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G20 leaders have committed to a global deal to share tax information automatically, and set a deadline for G20 countries to implement this by the end of 2015.
They did not announce when developing countries will be part of this automatic exchange of information deal – which means that it is not clear when they will start to benefit from this new system.
The G20 endorsed the OECD’s action plan to stop profit shifting by international companies but did not commit to any way for developing countries to engage in the process of negotiating new tax rules.
African nations lose nearly 2 per cent of their gross domestic product (GDP) as a result of companies fiddling the books through ‘trade mispricing’, which is one type of corporate tax dodging. This huge tax loss is equivalent to more than half the amount that governments spend on health in Sub Saharan Africa.
Oxfam’s Carlos Zarco said: “The G20 have put their first nail in the coffin of corporate tax dodging, but they've given no guarantees how or when the rip-off of the poorest countries will stop. Developing countries have had warm words from the richest countries before, so this time must be different. They deserve a seat at the table when global tax rules are rewritten, because it is their citizens whose lives are on the line.'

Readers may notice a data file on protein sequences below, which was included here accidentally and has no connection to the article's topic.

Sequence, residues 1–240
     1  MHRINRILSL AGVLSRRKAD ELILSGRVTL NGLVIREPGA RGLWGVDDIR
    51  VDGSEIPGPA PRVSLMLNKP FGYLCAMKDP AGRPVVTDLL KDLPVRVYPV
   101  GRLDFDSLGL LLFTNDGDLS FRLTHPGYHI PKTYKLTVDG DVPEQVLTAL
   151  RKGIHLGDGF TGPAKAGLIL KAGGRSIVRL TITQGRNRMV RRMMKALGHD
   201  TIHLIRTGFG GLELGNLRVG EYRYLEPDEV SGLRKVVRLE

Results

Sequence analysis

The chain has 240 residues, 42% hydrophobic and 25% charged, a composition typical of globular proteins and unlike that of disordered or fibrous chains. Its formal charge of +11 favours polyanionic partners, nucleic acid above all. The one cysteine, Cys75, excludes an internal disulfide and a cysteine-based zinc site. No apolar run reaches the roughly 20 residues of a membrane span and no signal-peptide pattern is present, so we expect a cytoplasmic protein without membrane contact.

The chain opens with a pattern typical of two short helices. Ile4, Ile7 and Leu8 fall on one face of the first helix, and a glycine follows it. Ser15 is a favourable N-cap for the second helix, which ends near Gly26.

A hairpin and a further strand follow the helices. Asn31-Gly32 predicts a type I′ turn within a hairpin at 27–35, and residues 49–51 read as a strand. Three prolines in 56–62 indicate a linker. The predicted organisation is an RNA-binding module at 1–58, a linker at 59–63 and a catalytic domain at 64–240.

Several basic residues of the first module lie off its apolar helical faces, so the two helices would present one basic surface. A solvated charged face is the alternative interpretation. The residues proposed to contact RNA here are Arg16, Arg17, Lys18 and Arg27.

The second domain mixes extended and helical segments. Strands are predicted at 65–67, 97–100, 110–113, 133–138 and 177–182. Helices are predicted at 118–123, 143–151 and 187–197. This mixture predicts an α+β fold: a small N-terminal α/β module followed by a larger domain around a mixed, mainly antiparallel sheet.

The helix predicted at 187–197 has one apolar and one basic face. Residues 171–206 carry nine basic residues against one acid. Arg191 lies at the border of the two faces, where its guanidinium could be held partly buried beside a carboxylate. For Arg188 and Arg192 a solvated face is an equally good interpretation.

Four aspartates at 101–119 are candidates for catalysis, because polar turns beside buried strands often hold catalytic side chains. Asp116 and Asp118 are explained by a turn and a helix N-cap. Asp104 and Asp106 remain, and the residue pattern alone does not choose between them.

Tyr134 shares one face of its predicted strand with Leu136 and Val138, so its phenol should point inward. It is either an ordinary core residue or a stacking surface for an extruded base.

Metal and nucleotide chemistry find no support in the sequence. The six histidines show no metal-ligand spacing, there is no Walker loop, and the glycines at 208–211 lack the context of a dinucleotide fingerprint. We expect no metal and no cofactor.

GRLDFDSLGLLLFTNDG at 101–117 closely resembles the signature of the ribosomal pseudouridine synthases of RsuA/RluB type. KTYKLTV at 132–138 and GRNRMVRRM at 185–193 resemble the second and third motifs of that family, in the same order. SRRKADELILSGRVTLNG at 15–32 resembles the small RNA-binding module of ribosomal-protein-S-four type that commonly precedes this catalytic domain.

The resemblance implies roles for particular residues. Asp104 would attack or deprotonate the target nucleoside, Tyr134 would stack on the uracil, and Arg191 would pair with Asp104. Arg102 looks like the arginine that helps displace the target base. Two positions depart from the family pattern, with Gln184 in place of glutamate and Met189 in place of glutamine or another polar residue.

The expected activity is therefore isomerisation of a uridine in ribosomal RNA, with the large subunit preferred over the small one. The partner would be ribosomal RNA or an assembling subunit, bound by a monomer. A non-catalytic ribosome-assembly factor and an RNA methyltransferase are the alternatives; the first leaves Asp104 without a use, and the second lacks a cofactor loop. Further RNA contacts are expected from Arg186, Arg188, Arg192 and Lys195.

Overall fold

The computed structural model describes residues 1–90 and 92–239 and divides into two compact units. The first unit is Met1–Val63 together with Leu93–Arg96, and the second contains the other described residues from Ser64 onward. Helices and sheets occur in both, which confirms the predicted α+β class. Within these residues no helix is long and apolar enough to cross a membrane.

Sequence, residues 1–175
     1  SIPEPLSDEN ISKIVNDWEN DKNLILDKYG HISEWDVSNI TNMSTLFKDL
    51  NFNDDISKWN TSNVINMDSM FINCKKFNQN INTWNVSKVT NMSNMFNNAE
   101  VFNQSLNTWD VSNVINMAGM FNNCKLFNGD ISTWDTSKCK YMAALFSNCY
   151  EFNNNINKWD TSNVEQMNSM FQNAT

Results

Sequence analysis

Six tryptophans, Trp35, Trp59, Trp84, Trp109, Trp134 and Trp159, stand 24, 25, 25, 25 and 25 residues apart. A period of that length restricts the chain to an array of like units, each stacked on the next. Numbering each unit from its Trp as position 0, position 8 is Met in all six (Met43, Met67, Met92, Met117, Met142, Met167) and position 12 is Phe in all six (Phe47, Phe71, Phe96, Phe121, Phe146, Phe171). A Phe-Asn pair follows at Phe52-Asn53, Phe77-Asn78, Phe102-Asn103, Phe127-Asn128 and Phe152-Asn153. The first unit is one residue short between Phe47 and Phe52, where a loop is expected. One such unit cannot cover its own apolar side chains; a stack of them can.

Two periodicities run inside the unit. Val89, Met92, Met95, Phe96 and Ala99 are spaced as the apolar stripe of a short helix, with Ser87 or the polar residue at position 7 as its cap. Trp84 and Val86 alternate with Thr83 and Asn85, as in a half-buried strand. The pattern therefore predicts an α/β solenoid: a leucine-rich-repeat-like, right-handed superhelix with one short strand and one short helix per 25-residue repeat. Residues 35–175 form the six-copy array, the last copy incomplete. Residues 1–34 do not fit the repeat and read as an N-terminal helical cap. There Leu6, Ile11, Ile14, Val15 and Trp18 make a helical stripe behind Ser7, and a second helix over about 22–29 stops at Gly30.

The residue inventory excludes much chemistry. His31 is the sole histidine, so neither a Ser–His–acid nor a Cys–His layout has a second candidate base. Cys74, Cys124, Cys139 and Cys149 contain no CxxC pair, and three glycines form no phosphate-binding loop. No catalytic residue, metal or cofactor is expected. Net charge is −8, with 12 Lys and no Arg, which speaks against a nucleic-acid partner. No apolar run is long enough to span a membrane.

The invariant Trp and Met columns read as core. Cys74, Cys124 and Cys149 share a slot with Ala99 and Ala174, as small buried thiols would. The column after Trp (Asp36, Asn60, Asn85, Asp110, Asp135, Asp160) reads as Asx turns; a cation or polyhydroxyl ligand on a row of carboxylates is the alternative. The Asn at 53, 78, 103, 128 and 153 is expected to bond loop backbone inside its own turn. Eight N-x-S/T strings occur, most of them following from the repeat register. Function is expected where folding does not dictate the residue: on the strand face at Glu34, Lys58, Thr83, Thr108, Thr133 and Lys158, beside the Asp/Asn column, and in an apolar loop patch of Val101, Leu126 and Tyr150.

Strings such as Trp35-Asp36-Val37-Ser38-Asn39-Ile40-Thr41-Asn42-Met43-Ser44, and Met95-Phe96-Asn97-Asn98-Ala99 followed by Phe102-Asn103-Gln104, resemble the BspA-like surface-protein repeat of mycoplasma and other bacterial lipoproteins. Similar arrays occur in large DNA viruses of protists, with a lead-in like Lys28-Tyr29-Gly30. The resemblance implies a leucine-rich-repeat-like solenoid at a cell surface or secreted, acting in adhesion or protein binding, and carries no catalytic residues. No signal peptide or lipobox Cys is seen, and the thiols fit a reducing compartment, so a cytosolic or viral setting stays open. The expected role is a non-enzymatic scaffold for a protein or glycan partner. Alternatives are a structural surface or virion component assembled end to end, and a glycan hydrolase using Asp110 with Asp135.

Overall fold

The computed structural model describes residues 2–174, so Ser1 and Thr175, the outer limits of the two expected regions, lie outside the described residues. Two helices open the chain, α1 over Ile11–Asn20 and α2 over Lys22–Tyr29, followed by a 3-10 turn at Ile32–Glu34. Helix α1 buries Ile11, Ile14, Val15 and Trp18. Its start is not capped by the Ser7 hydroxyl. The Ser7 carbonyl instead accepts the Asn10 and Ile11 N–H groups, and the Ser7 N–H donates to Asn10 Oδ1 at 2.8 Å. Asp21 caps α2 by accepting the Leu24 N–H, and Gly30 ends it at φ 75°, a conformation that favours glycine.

Carlos Zarco said: “Oxfam welcomes the announcement of increased humanitarian aid for the Syria crisis response. We urge that this funding be released immediately. With 2 million refugees and 4 million people displaced inside Syria, aid is desperately needed to provide life-saving assistance.
“Given the increasingly protracted nature of the Syria conflict, G20 donors also need to give long-term support to countries neighboring Syria who are hosting large numbers of refugees.
“Oxfam is deeply disappointed that G20 leaders squandered this chance to make progress towards a political solution to the crisis in Syria. The humanitarian suffering caused by the crisis is staggering. More than 100,000 lives have been lost.
“Instead of debating military action which will only make the situation worse, leaders need to put aside their differences and intensify efforts to stop the bloodshed, before Syria is destroyed and the region further destabilized.”
The G20 need to take the lead to reduce inequality. Oxfam has calculated that the income of the top hundred billionaires globally is enough to end extreme poverty four times over. Oxfam is calling for the G20 to track the growing inequality gap between the richest and poorest, to pursue further policies to crack down on tax dodging, and to promote increased public spending on health, education and social protection.
Oxfam’s Carlos Zarco said: “Leaders have failed entirely to confront the growing problem of income inequality. Rich companies and individuals are getting fat whilst ordinary families struggle, and if the G20 don’t tackle this issue head-on, they will fail to set the economic agenda the world needs.”
Notes to editors
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